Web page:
SCOTUS 'TRAP law' case and the erosion of abortion rights
BY BRIDGET KELLY, OPINION CONTRIBUTOR
Actress Michelle Williams got some traction when she used her Golden Globe acceptance speech to champion abortion rights, saying she was “grateful to have lived at a moment in our society where choice exists.” But the moment she spoke of may be fleeting.
Three days before Willams’s speech, over 200 members of Congress signed onto an amicus brief urging the Supreme Court to reconsider, if not overturn, Roe v. Wade, the 1973 landmark decision legalizing abortion in the U.S.
Gestational Age Bans: Harmful at Any Stage of Pregnancy
Megan K. Donovan, Guttmacher Institute
First published online: January 9, 2020
Efforts to ban abortion by gestational age surged in 2019, helping to expose antiabortion lawmakers’ true agenda to eliminate abortion rights entirely.
Using gestational age as a legal cutoff for abortion care is harmful at any point in pregnancy.
States such as Oregon and Vermont are leading the way in enacting laws that prohibit government interference in abortion care throughout pregnancy.
The downfall of Roe v. Wade started in 2010
Abortion access in America hangs by a thread. The unraveling began a decade ago.
By Anna North
Dec 23, 2019
This year, five states passed laws banning abortion before most people know they’re pregnant. Alabama passed a ban on the procedure at any stage of pregnancy, with no exceptions for rape or incest. In Ohio, lawmakers introduced a bill that would create a crime called “abortion murder,” punishable by life in prison.
For many, restrictions like these would have been unthinkable just a few years ago. But as we look ahead to 2020, the anti-abortion movement could be on the brink of its biggest success yet: dismantling the landmark Supreme Court decision Roe v. Wade.
Indie Abortion Clinics Can’t Be Replaced, but They’re Dying Out
Abortion clinics that aren't connected to large national organizations like Planned Parenthood provide more than half of all abortions.
by Marie Solis
Dec 23 2019
Laurent Delli-Bovi is used to operating her Brookline, Massachusetts, abortion clinic in a state of financial precarity. Women's Health Services, which has been around for almost 28 years, has been in the red for the last 13 of them.
Delli-Bovi, the clinic's medical director, said those years have mostly consisted of "robbing Peter to pay Paul": putting off paying some bills in favor of more urgent ones. The independent clinic runs on a "day-to-day" basis, its future never guaranteed.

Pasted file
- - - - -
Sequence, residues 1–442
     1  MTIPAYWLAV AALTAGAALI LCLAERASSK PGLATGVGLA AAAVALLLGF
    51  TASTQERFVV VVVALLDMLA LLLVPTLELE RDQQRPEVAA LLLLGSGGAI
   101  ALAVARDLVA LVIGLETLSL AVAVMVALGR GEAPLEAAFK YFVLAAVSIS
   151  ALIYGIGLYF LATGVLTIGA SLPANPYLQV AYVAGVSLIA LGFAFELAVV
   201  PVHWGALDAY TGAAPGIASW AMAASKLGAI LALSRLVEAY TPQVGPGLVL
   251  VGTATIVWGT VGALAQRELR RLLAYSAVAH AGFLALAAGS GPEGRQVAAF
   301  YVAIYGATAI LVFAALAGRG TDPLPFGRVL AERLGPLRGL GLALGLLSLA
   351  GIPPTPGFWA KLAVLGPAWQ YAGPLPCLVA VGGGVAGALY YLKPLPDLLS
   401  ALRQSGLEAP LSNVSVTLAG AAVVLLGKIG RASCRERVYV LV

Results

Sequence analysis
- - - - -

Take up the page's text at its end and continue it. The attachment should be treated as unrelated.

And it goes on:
2019 Was a Banner Year for Abortion Laws—and Not the Kind You Think
Anti-abortion legislation got the headlines, but there was an even bigger surge in state-level abortion protections.
December 22, 2019
This year will be remembered for an unprecedented red-state assault on reproductive rights. From a wave of early-term abortion bans in the South and Midwest to a host of policies aimed at preventing providers from having open conversations with patients about abortion, conservative state legislators have done everything in their power to limit the right to abortion. But out of the headlines, 2019 was actually a banner year for abortion protections, as progressives in blue states started to fight back and win major legislative battles to protect the rights enshrined in Roe v. Wade. In 2019, more legislation was passed by Democratic statehouses to protect the right to abortion than in the entire previous decade.
Abortion. Transgender rights. Voting access. Polarizing issues could dominate statehouse agendas in 2020.
By Tim Craig and Emily Wax-Thibodeaux
Dec. 22, 2019
Republican-controlled state legislatures are gearing up to try to tighten abortion laws across the country, while some states controlled by Democrats are looking to enshrine the right to choose into law.
It’s one of a handful of deeply polarizing issues that could dominate state legislatures in 2020, a potential sign of the partisan gridlock that’s to come — and the efforts to rally supporters during a hyperpartisan presidential election year.